appeared to see how we were getting on. She advised
me to try a certain brand of margarine which cost
ninepence. I said I only paid fivepence-halfpenny.
She did not however leave the extra threepence-
halfpenny behind. Soon after this my uncle, her
husband, paid our rent, so that was a help. I am
afraid that sometimes when we were very poor I
spent the money on food and got into debt with the
landlord. They were working-class people and,
unlike many that I know, perfect beasts. We were
naturally regarded with the greatest suspicion,
having a German name*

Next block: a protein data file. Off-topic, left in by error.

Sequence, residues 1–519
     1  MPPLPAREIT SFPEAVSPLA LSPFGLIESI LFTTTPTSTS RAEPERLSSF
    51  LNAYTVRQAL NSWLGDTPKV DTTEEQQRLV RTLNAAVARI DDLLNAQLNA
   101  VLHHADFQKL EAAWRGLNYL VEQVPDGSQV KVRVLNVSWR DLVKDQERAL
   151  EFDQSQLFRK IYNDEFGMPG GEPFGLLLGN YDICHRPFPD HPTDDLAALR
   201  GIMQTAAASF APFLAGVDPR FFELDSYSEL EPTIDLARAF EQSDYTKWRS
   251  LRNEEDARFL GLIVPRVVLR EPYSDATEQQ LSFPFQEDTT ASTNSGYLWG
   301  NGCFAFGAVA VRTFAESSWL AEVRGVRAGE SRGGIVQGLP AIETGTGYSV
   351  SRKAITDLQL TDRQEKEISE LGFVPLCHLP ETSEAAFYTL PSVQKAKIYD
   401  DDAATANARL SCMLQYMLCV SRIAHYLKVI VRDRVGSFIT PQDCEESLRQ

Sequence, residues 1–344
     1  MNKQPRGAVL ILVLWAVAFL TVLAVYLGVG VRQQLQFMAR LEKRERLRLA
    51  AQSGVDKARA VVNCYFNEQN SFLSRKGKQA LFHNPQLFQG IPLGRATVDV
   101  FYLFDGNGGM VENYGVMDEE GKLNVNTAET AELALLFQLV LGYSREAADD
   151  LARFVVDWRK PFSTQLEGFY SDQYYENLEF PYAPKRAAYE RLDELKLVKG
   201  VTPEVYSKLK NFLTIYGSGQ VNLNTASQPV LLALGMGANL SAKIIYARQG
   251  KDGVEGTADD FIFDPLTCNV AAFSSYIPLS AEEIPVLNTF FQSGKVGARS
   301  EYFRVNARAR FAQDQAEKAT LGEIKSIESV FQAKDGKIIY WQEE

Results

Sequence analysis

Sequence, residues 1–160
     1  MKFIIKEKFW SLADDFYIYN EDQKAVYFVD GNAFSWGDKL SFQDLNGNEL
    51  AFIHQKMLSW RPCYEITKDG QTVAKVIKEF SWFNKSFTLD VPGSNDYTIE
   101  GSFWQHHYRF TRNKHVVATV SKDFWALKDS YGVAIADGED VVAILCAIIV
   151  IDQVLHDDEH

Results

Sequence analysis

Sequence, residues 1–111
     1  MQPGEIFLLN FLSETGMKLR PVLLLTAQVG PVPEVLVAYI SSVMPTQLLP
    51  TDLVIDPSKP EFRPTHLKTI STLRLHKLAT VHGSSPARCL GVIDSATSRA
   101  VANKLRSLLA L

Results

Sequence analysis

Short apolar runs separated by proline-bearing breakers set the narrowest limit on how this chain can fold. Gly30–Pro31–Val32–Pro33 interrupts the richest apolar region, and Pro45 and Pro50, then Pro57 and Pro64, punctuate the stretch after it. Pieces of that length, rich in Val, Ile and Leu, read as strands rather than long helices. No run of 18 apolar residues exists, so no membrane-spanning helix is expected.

I urged Edgar to go to the police and register
himself. Everything was so unsettled that I think
they had forgotten about him for the time being.
One day a District Visitor appeared and asked
him what religion he belonged to. He said that he
was a " Hedonist/' so she went away. We met the
painter, Foujita, one of Les Japonais in Paris; he
was delighted to see us as he was just as poor as we
were. He only became famous in Paris after the
War. He still made his own clothes and wore his
hair the same way, but without the Greek band.
He wore strangely shaped baggy trousers and a black
velvet jumper, which hung outside, and a leather
belt; People called him the " Eskimo/5 He
lived with some friends in Chelsea and did charm-
ing frescoes in their kitchen of antelopes and
flowers. Someone afterwards took the house and
said that they did not care for other people's
decorations, and had them whitewashed. I think
they are^now sorry.